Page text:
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Happy-Gourmand

The night jingle music died

When I was a kid, eating was different. Food was sometimes fun, and other times, it had a certain reverence.

More things were exotic, because the world wasn't as small as it is now; you couldn't get everything everywhere all the time.

The biggest difference was that every-day food was more of a priority; sitting down at the table for meals was the norm, not the exception.

But that was a long time ago. I was reminded that we were at the end of that era when I heard the news recently that Richard D. Trentlage had passed away. 

Let me guess, you don't know who Richard Trentlage was. Most people didn't, even though he was the creator of a great piece of Americana, a jingle.

He wrote the Oscar Mayer wiener song. It was one of the longest-running ad songs in history, and he wrote it in one night, inspired by an expression his son mentioned: being a hot dog, or a cool kid.

You know how it goes, don't you?

“Oh, I wish I were an Oscar Mayer wiener
That is what I’d truly like to be
’Cause if I were an Oscar Mayer wiener
Everyone would be in love with me.”

Advertisers were often trying to convey "coolness" even back in the 1960s when this jingle was written. That this song was cool in some way up until 2010 when it was retired is saying something.  

There was a blue-collar prestige to many companies in those days too, though; products were from family-owned companies, or at least that was what we thought ("Mr. Christie, you make good cookies").

Brand loyalty was a badge that families wore proudly. Trying something new was more likely to happen on holidays when you ate something you couldn't get at home. 

I remember spending summer holidays in the United States a few times growing up, and as much as it wasn't really different than home, having Dr. Pepper and a Babe Ruth chocolate bar was certainly super cool.

We could get Rice Krispies at home (everyone knew Snap, Crackle and Pop) but getting to try Cocoa Puffs was a real treat.

Now, kids across the continent can sample all manner of goodies whenever they want. We were much easier to impress, my generation.

Jingles still exist, of course, and sometimes they go worldwide. Coca Cola has done songs for the Olympics that have far surpassed the vintage jingle, "I'd like to buy the world a Coke."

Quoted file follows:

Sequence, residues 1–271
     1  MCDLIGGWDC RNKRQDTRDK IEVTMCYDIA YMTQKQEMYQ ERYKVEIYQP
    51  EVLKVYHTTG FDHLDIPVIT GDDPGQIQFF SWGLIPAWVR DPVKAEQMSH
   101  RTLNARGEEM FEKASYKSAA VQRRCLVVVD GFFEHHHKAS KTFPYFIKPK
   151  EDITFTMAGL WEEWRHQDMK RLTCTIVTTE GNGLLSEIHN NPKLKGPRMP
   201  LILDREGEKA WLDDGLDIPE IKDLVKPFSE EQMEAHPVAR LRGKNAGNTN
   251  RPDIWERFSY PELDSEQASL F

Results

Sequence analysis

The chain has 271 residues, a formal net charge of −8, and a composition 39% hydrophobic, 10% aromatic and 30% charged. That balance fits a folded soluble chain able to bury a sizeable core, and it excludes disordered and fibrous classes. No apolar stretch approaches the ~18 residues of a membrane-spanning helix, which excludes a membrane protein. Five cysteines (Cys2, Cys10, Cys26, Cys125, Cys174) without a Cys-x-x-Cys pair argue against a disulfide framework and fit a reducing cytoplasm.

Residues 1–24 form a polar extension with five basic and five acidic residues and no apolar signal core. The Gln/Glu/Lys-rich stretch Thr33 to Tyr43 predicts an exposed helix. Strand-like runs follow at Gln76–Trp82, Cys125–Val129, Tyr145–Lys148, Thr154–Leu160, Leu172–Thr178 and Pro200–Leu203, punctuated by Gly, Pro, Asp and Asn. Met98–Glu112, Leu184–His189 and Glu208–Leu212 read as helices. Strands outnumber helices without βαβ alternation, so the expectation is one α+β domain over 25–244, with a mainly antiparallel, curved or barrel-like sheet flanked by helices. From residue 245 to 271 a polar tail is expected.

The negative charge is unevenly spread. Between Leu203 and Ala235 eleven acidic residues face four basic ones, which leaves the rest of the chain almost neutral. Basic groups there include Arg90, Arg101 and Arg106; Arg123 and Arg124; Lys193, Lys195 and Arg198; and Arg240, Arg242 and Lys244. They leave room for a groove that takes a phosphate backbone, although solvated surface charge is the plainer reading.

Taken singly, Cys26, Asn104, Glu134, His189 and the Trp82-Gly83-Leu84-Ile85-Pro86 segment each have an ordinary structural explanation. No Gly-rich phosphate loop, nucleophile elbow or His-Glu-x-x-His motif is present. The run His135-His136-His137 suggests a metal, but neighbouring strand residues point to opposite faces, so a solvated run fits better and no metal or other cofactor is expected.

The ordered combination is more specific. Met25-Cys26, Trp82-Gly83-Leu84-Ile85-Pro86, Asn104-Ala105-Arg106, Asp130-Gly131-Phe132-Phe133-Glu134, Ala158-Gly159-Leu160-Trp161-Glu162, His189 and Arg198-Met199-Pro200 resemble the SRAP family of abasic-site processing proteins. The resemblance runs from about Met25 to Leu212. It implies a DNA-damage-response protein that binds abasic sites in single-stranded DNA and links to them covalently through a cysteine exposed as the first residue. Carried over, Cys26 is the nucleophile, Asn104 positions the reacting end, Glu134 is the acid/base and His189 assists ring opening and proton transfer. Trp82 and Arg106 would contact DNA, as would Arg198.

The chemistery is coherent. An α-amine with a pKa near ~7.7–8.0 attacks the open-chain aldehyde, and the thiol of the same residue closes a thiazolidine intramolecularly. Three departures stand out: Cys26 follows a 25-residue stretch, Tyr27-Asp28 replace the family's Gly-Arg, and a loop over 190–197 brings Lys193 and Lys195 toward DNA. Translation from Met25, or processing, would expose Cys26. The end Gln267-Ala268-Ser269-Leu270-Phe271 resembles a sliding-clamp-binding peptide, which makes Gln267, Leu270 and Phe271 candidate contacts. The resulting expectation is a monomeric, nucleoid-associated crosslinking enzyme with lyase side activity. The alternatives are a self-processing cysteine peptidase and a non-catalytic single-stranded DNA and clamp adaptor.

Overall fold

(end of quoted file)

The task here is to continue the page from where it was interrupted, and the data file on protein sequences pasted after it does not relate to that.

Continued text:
McDonald's has incorporated lots of music into their advertising over the years; you could say they created an early rap ad with the Big Mac song.I can still recite all the words.

One of the cutest jingles of all time was for a product that wasn't food, but it was all about food or rather too much of it.

Alka-Seltzer's "plop plop fizz fizz" jingle was popular for a long time alongside vignettes of people who had overindulged.

I remember Al, a fellow siting on the side of his bed, saying, "I can't believe I ate the whole thing." That line became a classic, too.

The jingle was resurrected for an ad that aired during Super Bowl in 2007, in a concert setting ending with fans holding glowing glasses with the famous antacid relief bubbling away. 

We don't treat many things seriously any more, and it seems food is the same.

As I wrote about recently, sometimes food is given a false sense of celebrity but on an everyday level it doesn't rate as high. I don't see Facebook posts of people bragging about serving Chef Boyardee or even Kraft Dinner.

The world has moved on, and in many ways that is all for the best. But I'm glad I got to live in an age when it was cool to be a hot dog. 



More Happy Gourmand articles

About the Author

Kristin Peturson-Laprise is a customer experience specialist by trade, which means she is someone passionate about people having a good time. 

Her company, Wow Service Mentor, helps businesses enhance their customer experience through hands-on training, service programs, and special event coordination.

Kristin enjoys her own experiences too, and that is what she writes about in this column. She and her husband Martin Laprise (also known as Chef Martin, of The Chef Instead) love to share their passion for food and entertaining.  

Kristin says:

"Wikipedia lists a gourmand as a person who takes great pleasure in food. I have taken the concept of gourmandise, or enjoying something to the fullest, in all parts of my life. I love to grow and cook food, and I loved wine enough to become a Sommelier. I call a meal a success when I can convey that 'sense of place' from where the food has come . . . the French call that terroir, but I just call it the full experience. It might mean tasting the flavours of my own garden, or transporting everyone at the table to a faraway place, reminiscent of travels or dreams we have had."

 

E-mail Kristin at:  [email protected]

Check out her website here:  www.wowservicementor.com

 



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The views expressed are strictly those of the author and not necessarily those of Castanet. Castanet does not warrant the contents.

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